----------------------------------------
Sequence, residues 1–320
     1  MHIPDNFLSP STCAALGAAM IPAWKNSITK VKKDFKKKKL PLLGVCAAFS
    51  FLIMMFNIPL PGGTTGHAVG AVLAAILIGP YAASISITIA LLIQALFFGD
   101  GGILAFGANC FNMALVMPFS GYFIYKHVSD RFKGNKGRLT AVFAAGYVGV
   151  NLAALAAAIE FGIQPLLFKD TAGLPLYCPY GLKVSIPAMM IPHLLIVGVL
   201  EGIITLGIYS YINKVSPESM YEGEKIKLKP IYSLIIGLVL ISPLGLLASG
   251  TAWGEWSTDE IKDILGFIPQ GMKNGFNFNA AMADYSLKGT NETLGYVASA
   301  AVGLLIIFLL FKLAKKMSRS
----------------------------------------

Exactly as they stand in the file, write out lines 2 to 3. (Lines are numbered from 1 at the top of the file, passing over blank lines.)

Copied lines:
     1  MHIPDNFLSP STCAALGAAM IPAWKNSITK VKKDFKKKKL PLLGVCAAFS
    51  FLIMMFNIPL PGGTTGHAVG AVLAAILIGP YAASISITIA LLIQALFFGD